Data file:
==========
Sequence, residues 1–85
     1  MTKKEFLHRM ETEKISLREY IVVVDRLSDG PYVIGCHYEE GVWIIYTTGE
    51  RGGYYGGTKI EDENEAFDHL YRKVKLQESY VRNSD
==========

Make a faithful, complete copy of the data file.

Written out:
Sequence, residues 1–85
     1  MTKKEFLHRM ETEKISLREY IVVVDRLSDG PYVIGCHYEE GVWIIYTTGE
    51  RGGYYGGTKI EDENEAFDHL YRKVKLQESY VRNSD